The beginning of the year is a popular time for goal setting. Unfortunately, a common problem with goal setting is, often times, they’re unrealistic, or there is no strategy behind them. That’s why when it comes to goals, SMART goals are the way to go.
If you’re in marketing, there’s a good chance you’ve heard the term SMART goal. And depending on who you ask, the acronym may have a different meaning. But when it comes to setting goals for your marketing strategy those goals should be:
- Make sure you are saying exactly what you are going to do. Goals like ‘increase sales’ don’t count.
- If you can’t measure the success, or how it will effect your business, then it shouldn’t be a goal in the first place.
- Be realistic. If you did $1m in sales last year, then $50m in sales probably isn’t the number you should be shooting for.
- Make sure the goal you’re setting is something that will make an impact on your day to day, or the company’s.
- Give yourself a deadline and something to shoot for.
Goal setting should be fun. It should generate some real excitement throughout your entire company. If it doesn’t, then your goal is either too vague, too easy, or unattainable. The more realistic your goal is, the harder everyone will work to achieve it.
Let’s take a look at a few examples:
Rich is the director of sales for a manufacturing company. If you ask him what his goal is, he would say to increase sales and not lose any current clients. (“Yeah, Rich? Who doesn’t?”)
Tina is the CEO of small financial firm. Her goal is to increase revenue by 6% compared to Q1 of the previous year. (We’re getting a little closer to a SMART goal!)
Mike is a VP at a large box manufacturing company. His goal is to increase revenue by 10% by the end of the year. However, he and his team identified some low-hanging fruit with a certain product they now realize could benefit an industry they’ve never sold to before. He has tasked his sales team with developing a pipeline of all of the potential companies in the United States that fit a certain criteria and has asked them to be extremely diligent in their HubSpot CRM for tracking purposes. (Boom!)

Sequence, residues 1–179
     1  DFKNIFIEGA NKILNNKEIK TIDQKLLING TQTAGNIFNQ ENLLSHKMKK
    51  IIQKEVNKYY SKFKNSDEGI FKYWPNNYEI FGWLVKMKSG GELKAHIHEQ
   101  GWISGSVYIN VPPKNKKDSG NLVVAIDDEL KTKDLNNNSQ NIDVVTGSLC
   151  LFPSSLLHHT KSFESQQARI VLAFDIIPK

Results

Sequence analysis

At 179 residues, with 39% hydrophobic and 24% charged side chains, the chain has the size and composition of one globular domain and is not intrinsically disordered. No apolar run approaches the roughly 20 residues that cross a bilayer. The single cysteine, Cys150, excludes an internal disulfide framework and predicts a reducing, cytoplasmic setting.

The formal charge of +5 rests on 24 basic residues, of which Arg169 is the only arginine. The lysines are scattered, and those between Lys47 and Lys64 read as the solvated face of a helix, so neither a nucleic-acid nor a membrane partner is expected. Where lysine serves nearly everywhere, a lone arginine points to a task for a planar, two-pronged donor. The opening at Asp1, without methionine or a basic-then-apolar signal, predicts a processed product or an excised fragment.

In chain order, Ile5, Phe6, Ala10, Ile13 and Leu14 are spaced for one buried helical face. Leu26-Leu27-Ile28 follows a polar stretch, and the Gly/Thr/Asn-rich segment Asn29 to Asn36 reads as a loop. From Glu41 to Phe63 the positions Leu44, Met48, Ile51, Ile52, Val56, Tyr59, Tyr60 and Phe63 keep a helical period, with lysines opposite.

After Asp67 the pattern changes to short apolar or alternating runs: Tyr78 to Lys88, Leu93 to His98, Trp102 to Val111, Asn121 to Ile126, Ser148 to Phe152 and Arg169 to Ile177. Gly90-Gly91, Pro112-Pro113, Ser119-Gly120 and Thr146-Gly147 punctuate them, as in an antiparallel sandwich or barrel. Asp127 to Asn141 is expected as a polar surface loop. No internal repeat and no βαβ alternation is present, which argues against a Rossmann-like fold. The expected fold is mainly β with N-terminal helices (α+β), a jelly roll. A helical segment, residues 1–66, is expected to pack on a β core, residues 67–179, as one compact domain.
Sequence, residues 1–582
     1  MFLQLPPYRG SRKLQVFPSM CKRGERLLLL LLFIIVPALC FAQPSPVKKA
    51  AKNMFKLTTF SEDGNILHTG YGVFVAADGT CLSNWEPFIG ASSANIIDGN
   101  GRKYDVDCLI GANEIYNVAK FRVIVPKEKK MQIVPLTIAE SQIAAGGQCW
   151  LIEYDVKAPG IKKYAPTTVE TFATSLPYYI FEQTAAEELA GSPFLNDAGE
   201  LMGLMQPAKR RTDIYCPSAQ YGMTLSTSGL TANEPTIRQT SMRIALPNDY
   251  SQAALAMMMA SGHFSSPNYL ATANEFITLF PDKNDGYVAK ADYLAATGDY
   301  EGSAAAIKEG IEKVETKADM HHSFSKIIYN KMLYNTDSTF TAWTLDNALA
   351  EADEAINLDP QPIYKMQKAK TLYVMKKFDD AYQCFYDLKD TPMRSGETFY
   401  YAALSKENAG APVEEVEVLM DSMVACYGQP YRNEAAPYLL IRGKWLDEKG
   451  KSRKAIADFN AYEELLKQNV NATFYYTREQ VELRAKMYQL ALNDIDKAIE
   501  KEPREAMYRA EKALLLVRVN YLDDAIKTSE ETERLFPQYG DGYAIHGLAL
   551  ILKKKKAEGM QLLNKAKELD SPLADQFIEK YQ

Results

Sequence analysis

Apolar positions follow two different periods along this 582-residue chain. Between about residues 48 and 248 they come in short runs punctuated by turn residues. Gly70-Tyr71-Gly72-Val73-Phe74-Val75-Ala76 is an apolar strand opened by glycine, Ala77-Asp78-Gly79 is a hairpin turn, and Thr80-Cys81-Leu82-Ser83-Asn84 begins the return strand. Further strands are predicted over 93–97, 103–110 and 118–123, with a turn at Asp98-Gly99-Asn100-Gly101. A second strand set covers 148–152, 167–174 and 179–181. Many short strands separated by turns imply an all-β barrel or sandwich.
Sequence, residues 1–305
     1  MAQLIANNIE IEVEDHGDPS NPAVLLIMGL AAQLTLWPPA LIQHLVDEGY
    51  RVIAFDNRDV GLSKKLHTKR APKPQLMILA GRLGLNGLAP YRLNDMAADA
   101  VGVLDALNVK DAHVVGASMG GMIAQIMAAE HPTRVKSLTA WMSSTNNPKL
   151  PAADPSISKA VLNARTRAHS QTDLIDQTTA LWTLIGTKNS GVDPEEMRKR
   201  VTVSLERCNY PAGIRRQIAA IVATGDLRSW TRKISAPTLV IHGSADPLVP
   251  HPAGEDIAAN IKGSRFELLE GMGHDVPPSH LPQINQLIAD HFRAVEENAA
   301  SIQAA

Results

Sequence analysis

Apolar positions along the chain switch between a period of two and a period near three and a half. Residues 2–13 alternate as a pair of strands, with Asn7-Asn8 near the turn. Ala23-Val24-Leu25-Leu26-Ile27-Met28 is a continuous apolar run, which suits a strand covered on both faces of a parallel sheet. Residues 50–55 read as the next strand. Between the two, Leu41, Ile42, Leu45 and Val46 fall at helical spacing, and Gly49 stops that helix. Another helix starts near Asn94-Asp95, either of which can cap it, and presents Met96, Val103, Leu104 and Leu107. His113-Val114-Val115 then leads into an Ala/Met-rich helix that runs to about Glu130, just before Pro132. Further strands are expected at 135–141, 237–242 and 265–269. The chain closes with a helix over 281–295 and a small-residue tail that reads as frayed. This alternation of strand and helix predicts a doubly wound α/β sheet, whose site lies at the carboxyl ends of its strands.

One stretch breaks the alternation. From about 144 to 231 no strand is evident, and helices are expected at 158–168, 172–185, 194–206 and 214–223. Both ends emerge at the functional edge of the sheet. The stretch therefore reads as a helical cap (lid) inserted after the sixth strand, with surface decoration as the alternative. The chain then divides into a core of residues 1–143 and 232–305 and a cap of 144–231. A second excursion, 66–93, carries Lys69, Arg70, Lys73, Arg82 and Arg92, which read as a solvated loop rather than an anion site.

The three goals presented above are all fine goals. However, which one of the three is the clearest, most concise goal? Mike’s goal is a perfect example of a SMART goal.
Specific: Increase revenue for product x by 10% over the next 12 months
Measurable: He and his team will be able to track the pipeline, as well as sales in their HubSpot CRM
Attainable: They’ve identified low-hanging fruit in a new industry that they haven’t tapped into yet. A 10% increase is just enough to make an impact, but also takes into account they’re a new player and it will take some time to work their way into the market.
Relevant: Anytime you are talking about increasing sales of a specific product by a specific number, that’s going to be relevant to your business.
Timely: The timeline set is a bit vague, but overall, a 12-month goal is time-bound, and it gives everyone a clear idea of what they need to do over the course of the year to achieve the goal.
On to the next one
The whole point of setting SMART goals is that you put so much thought into them it should be almost impossible not to achieve. However, whether you crush your goal, just miss it, or completely get off track, you’ll have the data to tell you exactly what happened. Either way, as the great philosopher, Jay-Z, once said, “It’s on to the next one.”
Before You Go…
Part of setting good SMART goals is knowing the economics of your customer. Is it worth it to spend x amount of dollars on your digital marketing strategy? If you do, how many new customers will you have to bring in? Learn all this and more with our fancy new economics of a customer calculator!